Migrating from WordPress to Hugo
When I started blogging in 2006 the usual approach was to install WordPress on an Apache web server running PHP and MySQL. Shared web hosting accounts were widely available and more than adequate then but I was in the early stages of my professional life so instead I had a salvaged PC running 24/7 in my living room. I ran Slackware on it and kept a domain name pointed at it via dynamic DNS.
While I didn’t pay hosting fees the extra heat, sound and electricity charges were noticable and the performance was terrible. Fortunately though it taught me the basics of what I was to eventually build a career upon so it was all worth it in the end.
Static site generation
Not long after that time I was impressed with the scripts JWZ had written to generate static content for one of his sites. I remember telling my boss at the time about it and he thought I was crazy. He loved being able to install a fresh copy of WordPress on his hosting account, upload a theme and have a site ready for a new project within a few minutes.
Over time dedicated WordPress hosting accounts appeared and as new web development frameworks were released many developers used their personal blogs as a testing ground for the latest software so I gave static site generation no more thought.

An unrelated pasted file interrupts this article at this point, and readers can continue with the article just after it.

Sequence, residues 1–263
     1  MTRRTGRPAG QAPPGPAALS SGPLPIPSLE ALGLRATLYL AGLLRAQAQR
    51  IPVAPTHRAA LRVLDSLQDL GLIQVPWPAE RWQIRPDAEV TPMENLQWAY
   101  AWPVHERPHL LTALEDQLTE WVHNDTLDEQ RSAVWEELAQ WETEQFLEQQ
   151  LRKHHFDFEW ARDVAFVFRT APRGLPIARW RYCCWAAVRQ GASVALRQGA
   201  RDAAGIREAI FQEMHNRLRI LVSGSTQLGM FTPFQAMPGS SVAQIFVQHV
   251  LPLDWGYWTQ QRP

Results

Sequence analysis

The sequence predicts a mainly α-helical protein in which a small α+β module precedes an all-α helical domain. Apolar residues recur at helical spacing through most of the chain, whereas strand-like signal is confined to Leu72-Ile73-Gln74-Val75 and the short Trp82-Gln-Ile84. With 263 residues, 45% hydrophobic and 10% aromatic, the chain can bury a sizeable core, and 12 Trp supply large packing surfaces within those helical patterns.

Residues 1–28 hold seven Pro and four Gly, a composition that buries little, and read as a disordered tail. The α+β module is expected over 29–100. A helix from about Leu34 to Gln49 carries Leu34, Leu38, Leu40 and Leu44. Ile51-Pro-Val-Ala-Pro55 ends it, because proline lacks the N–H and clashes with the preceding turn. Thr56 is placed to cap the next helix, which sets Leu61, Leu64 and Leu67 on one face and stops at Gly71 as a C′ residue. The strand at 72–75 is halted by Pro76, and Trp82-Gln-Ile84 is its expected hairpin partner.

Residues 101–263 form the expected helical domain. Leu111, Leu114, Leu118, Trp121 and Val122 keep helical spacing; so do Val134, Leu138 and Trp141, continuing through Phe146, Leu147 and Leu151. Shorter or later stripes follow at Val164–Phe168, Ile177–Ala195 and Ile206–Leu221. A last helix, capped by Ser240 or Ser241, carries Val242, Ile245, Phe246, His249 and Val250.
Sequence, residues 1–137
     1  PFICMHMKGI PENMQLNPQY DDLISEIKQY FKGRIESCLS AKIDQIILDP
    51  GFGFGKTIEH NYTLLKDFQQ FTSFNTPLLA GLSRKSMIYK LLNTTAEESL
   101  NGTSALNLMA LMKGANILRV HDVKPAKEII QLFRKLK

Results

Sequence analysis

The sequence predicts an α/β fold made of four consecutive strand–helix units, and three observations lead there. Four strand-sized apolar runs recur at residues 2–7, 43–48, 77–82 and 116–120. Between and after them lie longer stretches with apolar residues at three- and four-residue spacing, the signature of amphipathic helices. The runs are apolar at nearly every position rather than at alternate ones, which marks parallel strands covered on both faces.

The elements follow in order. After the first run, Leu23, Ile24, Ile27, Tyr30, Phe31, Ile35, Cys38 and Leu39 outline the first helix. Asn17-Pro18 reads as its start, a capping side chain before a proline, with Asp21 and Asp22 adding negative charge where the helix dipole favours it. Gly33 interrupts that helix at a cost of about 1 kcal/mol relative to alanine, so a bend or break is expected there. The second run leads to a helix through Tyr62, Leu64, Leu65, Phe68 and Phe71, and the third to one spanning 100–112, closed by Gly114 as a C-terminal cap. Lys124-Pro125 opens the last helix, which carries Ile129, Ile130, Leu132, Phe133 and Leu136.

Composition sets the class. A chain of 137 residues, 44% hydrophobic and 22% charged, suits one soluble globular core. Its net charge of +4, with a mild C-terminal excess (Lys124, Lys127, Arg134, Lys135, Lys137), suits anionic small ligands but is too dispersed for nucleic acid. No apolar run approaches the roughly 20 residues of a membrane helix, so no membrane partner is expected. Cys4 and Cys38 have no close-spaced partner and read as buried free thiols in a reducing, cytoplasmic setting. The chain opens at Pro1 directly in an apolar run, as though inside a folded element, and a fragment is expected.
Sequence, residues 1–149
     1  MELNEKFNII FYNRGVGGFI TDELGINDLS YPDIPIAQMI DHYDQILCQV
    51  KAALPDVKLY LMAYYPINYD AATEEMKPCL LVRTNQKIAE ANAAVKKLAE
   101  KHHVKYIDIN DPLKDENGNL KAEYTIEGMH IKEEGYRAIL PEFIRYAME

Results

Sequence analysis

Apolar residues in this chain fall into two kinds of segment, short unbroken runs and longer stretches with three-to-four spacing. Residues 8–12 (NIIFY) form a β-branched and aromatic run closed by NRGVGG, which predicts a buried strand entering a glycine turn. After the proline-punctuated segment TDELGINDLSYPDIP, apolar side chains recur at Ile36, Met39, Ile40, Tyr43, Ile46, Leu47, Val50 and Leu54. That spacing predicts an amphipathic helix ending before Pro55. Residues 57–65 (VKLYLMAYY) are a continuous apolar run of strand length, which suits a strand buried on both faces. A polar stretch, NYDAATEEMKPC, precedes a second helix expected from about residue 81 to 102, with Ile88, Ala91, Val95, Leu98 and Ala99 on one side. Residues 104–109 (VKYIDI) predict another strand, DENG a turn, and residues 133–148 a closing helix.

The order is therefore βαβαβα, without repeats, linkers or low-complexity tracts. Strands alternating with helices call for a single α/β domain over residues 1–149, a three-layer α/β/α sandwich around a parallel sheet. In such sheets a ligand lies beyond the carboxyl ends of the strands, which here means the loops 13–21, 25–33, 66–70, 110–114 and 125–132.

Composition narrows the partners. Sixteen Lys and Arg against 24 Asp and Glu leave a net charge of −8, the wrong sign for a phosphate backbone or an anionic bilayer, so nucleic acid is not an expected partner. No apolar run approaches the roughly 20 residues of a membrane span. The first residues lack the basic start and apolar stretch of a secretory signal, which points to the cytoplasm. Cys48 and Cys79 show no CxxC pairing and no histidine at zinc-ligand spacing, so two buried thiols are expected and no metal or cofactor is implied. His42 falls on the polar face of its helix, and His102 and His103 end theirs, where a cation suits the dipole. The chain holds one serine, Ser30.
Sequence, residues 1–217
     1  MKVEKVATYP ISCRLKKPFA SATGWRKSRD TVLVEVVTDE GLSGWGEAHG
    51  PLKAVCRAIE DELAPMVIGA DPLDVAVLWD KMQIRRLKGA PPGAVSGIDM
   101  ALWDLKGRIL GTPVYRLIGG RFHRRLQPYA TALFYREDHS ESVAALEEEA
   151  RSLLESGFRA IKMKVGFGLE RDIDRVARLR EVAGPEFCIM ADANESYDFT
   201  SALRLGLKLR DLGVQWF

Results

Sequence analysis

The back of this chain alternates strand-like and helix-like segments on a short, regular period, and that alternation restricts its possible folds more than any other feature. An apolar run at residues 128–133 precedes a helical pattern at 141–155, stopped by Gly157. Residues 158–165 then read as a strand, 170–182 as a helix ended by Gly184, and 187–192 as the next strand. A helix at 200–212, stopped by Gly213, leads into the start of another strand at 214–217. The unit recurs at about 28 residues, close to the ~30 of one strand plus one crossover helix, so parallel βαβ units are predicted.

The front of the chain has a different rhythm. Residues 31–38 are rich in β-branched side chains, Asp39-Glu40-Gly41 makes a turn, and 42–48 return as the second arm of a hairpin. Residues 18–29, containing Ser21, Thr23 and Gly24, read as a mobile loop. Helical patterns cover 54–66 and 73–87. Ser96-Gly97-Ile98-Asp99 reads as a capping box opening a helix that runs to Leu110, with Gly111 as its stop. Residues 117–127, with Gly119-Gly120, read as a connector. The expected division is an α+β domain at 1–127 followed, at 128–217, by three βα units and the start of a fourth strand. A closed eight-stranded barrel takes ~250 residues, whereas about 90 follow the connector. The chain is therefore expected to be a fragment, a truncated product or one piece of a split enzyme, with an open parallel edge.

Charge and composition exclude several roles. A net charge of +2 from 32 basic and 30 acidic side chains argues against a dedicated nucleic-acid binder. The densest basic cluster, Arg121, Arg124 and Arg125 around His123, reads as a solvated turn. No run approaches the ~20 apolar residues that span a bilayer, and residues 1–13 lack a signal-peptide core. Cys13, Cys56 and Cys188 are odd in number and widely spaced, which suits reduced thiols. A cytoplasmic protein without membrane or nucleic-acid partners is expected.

Eventually Jekyll emerged from the Ruby community and it became trendy to have sites generated as static content and served directly from cloud storage. What was old is new again.
Late to the party
In recent years I’ve been keen to simplify as much of my life as possible. I’ve reduced my investment portfolios to a minimal number of funds, let unused domain names expire and when I reviewed my various hosting accounts it dawned on me that I could declutter here too.
If I migrated my blog to a static site I could do away with the VM I was running just for PHP and MySQL, I would also have the added benefit of version control and not having to worry about the database backup scripts ever failing. I’d missed the trend but it still seemed like a worthwhile project.
Thankfully WordPress has a built-in option to export all it’s contents in a single XML file. That file was easily converted into a series of individual Markdown files with wordpress-export-to-markdown. 15 years of posts processed in moments.
I’ve been writing a lot of Go recently so I decided to use Hugo as the generator.
The quickstart guide gave me a skeleton site to which I added the post files. A copy of the WordPress uploads directory was dropped in as static content so image URLs in the content would still work. A few tweaks to the configuration and the theme were all that were left. I was genuinely expecting a much more painful process.
hugo generated the assets which were then deployed onto a VM running Nginx using
The content of this post and the rest of the blog are now found on GitHub.